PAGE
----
4. The infrared spectrum of γ-crotonolactone shows two bands in the carbonyl region at 5.60 and 5.71 μ in carbon tetrachloride (5%) [shifted to 5.61 and 5.71 μ. in chloroform (5%)] and carbon-carbon stretching absorption at 6.23 μ. The nuclear magnetic resonance spectrum shows olefinic peaks centered at 2.15τ (pair of triplets) and 3.85τ (pair of triplets), each due to one proton, and a two-proton triplet centered at 5.03τ (in CCl4).
In the ultraviolet, γ-crotonolactone shows end absorption at 205 mμ (ε ca. 11,000) and no maximum at higher wavelength.
Oxidation of this product by potassium permanganate affords 2,3-dihydroxy-4-butyrolactone.2
3. Discussion
The original preparation of γ-crotonolactone by Lespieau involved a five-step sequence from epichlorohydrin and sodium cyanide.2 A recent detailed study of this procedure reported an overall yield of 25% for the lactone.3 Glattfeld4 used a shorter route from glycerol chlorohydrin and sodium cyanide; hydrolysis and distillation of the intermediate dihydroxy acid yielded γ-crotonolactone in 23% yield and β-hydroxy-γ-butyrolactone in 28% yield.4 The formation of γ-crotonolactone in 15% yield has also been reported from pyrolysis of 2,5-diacetoxy-2,5-dihydrofuran at 480–500°.6 The lactone has been prepared in 37% overall yield from propynol by carboxylation and hydrogenation.7
The formation of α-bromo-γ-butyrolactone has been reported in 70% yield by uncatalyzed reaction of bromine at 160–170°,8 as well as by the catalyzed procedure used here.3
4. Merits of the Preparation
γ-Crotonolactone is the simplest example of the butenolide ring system, which occurs in many natural products. In view of the availability of butyrolactone, the present procedure represents the most convenient method of synthesis of the unsaturated lactone.
The dehydrohalogenation by a tertiary amine illustrates the utility of such amines for dehydrohalogenations which produce a double bond normally activated for attack by many bases.9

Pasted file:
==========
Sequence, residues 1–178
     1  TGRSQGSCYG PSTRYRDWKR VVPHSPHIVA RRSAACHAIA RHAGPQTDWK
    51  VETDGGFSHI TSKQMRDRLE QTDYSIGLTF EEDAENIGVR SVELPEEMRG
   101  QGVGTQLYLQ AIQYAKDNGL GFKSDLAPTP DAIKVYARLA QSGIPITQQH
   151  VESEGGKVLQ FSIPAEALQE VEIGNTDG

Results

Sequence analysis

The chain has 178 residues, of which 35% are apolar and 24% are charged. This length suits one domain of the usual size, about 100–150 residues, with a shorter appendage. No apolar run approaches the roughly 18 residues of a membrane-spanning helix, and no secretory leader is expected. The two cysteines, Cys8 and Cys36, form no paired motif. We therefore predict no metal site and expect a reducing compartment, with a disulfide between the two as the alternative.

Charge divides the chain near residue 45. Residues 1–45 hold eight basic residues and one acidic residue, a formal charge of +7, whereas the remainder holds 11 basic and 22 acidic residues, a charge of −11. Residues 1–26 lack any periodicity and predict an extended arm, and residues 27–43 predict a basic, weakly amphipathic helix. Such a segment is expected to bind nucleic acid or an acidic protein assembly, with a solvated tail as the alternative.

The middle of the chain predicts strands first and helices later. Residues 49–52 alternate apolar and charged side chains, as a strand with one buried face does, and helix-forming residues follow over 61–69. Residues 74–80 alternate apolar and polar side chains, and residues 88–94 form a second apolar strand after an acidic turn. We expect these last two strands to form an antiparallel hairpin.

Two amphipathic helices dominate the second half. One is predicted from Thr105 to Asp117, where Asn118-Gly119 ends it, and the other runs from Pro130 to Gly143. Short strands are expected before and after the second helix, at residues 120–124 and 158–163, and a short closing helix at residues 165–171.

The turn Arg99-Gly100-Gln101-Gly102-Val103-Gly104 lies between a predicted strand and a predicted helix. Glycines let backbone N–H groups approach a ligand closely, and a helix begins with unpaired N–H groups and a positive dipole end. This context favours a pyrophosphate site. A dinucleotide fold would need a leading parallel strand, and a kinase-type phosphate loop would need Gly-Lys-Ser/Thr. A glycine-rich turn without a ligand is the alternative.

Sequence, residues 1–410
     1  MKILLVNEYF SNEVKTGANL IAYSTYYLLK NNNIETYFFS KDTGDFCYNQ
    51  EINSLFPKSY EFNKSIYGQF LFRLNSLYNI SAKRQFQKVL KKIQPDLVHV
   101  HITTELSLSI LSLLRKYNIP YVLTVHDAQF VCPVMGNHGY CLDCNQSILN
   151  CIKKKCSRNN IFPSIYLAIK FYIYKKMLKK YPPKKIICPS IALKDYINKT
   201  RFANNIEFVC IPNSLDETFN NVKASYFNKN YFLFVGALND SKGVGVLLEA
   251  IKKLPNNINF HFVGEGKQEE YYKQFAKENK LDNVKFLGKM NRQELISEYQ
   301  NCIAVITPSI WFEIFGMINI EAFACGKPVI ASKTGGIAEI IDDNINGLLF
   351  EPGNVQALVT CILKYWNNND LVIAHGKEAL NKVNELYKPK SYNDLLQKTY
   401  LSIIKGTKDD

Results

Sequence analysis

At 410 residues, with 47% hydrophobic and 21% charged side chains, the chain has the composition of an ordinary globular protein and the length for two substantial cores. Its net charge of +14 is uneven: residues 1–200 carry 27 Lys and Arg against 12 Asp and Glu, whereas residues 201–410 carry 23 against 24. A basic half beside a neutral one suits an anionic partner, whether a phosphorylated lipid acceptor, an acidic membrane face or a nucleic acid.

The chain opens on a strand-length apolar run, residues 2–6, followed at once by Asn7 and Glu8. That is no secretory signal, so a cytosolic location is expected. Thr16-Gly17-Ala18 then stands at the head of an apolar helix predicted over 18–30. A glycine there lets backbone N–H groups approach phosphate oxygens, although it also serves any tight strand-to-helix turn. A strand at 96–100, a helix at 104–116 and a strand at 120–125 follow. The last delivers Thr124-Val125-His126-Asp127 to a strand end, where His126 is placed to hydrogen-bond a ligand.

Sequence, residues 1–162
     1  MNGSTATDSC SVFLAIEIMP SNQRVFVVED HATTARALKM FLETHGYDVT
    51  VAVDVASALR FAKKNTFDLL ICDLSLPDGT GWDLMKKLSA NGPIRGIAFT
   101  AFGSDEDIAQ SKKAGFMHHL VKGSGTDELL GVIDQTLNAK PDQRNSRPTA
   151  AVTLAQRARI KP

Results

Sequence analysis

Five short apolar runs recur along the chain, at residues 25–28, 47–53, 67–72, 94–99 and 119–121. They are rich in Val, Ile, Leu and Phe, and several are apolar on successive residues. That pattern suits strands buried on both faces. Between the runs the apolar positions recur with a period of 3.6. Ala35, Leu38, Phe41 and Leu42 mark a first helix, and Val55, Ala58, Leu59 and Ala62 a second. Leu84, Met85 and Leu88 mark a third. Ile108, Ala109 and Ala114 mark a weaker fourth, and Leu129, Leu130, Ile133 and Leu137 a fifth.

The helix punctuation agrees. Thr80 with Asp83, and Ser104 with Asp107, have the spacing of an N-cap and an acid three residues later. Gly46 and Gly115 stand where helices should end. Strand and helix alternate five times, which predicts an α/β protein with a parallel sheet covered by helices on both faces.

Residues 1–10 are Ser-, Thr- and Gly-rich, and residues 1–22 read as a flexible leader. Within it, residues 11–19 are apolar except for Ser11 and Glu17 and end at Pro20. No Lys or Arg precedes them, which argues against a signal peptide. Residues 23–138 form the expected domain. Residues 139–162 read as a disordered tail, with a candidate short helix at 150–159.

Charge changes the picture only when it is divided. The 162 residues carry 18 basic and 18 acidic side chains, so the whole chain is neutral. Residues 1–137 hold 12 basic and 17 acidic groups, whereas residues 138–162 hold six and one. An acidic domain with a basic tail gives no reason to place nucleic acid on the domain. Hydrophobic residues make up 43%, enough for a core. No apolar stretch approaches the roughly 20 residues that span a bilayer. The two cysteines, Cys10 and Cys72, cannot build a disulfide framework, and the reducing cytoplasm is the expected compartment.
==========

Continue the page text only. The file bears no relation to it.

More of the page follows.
References and Notes
  1. Department of Chemistry, University of Pennsylvania, Philadelphia, Pennsylvania.
  2. M. Lespieau, Compt. Rend., 138, 1050 (1904); Bull. Soc. Chim. France, [4] 1, 1113 (1907).
  3. R. Rambaud, S. Ducher, A. Broche, M. Brini-Fritz, and M. Vessiere, Bull. Soc. Chim. France, 877 (1955); R. Rambaud and S. Ducher, Bull. Soc. Chim. France, 466 (1956).
  4. J. W. E. Glattfeld, G. Leavell, G. E. Spieth, and D. Hutton, J. Am. Chem. Soc., 53, 3168 (1931).
  5. H. Plieninger, Ber., 83, 265 (1950).
  6. N. Clauson-Kaas and N. Elming, Acta Chem. Scand., 6, 560 (1952).
  7. R. J. D. Smith and R. N. Jones, Can. J. Chem., 37, 2092 (1959).
  8. G. Bischoff, Swiss Patent 264,598 (1950) [C.A., 45, 1622d (1951)].
  9. C. Grundmann and E. Kober, J. Am. Chem. Soc., 77, 2332 (1955).

Chemical Abstracts Nomenclature (Collective Index Number);
(Registry Number)




bromine-hydrogen bromide

glycerol chlorohydrin

diethyl ether (60-29-7)

chloroform (67-66-3)

Epichlorohydrin (106-89-8)

potassium permanganate (7722-64-7)

sodium cyanide (143-33-9)

hydrogen bromide (10035-10-6)

bromine (7726-95-6)

PHOSPHORUS (7723-14-0)

carbon tetrachloride (56-23-5)

Butyrolactone (96-48-0)

magnesium sulfate (7487-88-9)

triethylamine (121-44-8)

γ-Crotonolactone (497-23-4)

α-Bromo-γ-butyrolactone (5061-21-2)

triethylamine hydrobromide (636-70-4)

α,γ-dibromobutyryl bromide

2,3-dihydroxy-4-butyrolactone (15667-21-7)

β-hydroxy-γ-butyrolactone (7331-52-4)